First, the IQ differences are not that great between the most religious and non-religious in the study. I do not see how 97 and 103 should be considered a "statistically significant" differential, but for the large sample size. To me, 6 points does not denote a real sizable gap as much as, say, 20-30 points. It appears that the researchers are using statistical significance as an appeal to authority when in actuality the variance is not that great.
Second, since when was IQ a proper measurement of intelligence? It measures a type of intelligence or ability to master analysis to be exact, but I have never bought into the myth that the IQ test, unless one has an outlier score above 140-150 (or whatever constitutes a 'genius'), has much to contribute, not the least for people whose average scores are in the 90s and low 100s.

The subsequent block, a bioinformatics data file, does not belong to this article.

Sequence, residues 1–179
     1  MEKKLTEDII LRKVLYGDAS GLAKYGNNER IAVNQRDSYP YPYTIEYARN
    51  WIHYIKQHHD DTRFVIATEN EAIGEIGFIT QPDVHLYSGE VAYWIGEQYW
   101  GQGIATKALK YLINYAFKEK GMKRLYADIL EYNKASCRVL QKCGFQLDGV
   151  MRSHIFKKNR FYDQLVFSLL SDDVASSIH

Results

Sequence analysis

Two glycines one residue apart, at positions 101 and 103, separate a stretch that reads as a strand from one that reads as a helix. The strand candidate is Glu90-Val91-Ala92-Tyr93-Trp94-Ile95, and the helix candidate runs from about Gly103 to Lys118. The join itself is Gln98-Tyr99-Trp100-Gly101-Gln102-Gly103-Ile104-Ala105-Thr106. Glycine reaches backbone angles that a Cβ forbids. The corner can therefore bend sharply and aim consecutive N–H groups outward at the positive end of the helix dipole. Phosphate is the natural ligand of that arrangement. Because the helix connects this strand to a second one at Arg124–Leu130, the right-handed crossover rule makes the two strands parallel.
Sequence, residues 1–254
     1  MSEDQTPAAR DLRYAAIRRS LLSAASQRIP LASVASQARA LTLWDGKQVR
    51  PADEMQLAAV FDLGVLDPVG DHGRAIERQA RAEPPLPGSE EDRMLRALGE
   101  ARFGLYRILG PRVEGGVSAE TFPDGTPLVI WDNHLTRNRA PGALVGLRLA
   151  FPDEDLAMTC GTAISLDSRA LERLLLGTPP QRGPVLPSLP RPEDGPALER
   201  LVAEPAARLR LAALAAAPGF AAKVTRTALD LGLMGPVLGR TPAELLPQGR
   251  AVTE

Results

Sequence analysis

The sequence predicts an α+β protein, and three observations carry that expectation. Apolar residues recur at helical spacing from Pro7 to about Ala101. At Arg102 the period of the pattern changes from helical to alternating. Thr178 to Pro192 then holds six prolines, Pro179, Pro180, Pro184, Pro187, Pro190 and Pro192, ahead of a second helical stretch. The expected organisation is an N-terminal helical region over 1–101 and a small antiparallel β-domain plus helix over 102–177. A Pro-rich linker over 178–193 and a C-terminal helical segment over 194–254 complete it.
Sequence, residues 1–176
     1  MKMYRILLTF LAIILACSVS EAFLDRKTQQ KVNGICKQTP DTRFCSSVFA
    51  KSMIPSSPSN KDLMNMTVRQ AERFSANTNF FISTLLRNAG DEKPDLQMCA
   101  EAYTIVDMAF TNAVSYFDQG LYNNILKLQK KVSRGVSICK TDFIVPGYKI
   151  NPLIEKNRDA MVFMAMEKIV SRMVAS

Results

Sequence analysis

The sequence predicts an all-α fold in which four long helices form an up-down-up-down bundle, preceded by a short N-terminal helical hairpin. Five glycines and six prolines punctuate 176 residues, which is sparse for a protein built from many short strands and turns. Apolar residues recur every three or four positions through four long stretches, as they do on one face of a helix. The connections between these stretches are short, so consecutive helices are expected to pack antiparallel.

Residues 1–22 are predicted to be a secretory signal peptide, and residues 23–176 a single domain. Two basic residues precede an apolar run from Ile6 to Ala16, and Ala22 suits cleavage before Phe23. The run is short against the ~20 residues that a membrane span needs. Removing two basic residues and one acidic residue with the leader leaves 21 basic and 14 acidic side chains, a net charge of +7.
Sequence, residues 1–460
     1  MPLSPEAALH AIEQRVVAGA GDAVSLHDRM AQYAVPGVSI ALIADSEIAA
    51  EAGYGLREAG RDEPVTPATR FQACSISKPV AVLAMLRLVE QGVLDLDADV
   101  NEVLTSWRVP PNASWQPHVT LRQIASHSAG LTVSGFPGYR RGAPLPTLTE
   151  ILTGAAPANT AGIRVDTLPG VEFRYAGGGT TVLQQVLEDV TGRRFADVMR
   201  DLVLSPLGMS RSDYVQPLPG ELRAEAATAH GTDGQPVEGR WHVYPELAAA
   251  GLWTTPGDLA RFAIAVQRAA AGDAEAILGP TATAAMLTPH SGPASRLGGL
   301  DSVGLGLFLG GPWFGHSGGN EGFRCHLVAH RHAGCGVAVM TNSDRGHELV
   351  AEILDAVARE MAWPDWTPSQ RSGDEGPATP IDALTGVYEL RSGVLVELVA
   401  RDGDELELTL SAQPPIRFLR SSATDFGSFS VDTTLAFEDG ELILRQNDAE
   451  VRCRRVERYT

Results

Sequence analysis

Third, there are some serious flaws and externalities in the validity of some of these variables. Yes, the researchers attempted to control for differences in post-secondary education by looking at their adolescent IQ scores in adult years (when the interviews were conducted), but it could be those adolescent IQ scores were already producing students preparing for college. That 7-12 grader with the higher IQ could well have been taking college prep classes. If previous studies are true, people who go to college are much more likely to self-identify as being liberal or a non-believer in religion. It could be that being a liberal non-believer is a corollary of having a college degree or being a product of those secondary education courses that prepared them for university. Indeed, going to college (as opposed to being liberal or an atheist) may well be the factor that most heavily weighs on intelligent peoples' proclivities to "show that they are smart."